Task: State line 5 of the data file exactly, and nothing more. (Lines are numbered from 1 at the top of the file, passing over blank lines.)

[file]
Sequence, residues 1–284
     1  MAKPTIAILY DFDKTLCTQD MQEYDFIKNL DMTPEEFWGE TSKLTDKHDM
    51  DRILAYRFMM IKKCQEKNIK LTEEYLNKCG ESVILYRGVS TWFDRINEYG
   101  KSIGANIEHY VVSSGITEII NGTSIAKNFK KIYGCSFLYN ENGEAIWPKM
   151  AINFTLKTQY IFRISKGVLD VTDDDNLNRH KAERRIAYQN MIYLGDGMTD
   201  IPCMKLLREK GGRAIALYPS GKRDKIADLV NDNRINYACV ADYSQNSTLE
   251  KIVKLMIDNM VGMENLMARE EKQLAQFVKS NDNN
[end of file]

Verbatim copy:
   151  AINFTLKTQY IFRISKGVLD VTDDDNLNRH KAERRIAYQN MIYLGDGMTD